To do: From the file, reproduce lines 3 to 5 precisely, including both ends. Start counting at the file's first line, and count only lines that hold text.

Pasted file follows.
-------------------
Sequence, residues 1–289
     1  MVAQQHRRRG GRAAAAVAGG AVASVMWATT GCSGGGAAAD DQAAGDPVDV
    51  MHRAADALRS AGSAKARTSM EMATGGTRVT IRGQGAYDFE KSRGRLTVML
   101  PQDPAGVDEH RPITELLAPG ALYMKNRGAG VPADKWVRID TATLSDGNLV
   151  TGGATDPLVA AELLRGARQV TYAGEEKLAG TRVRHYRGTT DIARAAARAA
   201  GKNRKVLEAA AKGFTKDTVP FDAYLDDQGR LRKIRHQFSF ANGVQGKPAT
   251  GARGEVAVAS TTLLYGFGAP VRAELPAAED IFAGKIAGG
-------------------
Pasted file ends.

    51  MHRAADALRS AGSAKARTSM EMATGGTRVT IRGQGAYDFE KSRGRLTVML
   101  PQDPAGVDEH RPITELLAPG ALYMKNRGAG VPADKWVRID TATLSDGNLV
   151  TGGATDPLVA AELLRGARQV TYAGEEKLAG TRVRHYRGTT DIARAAARAA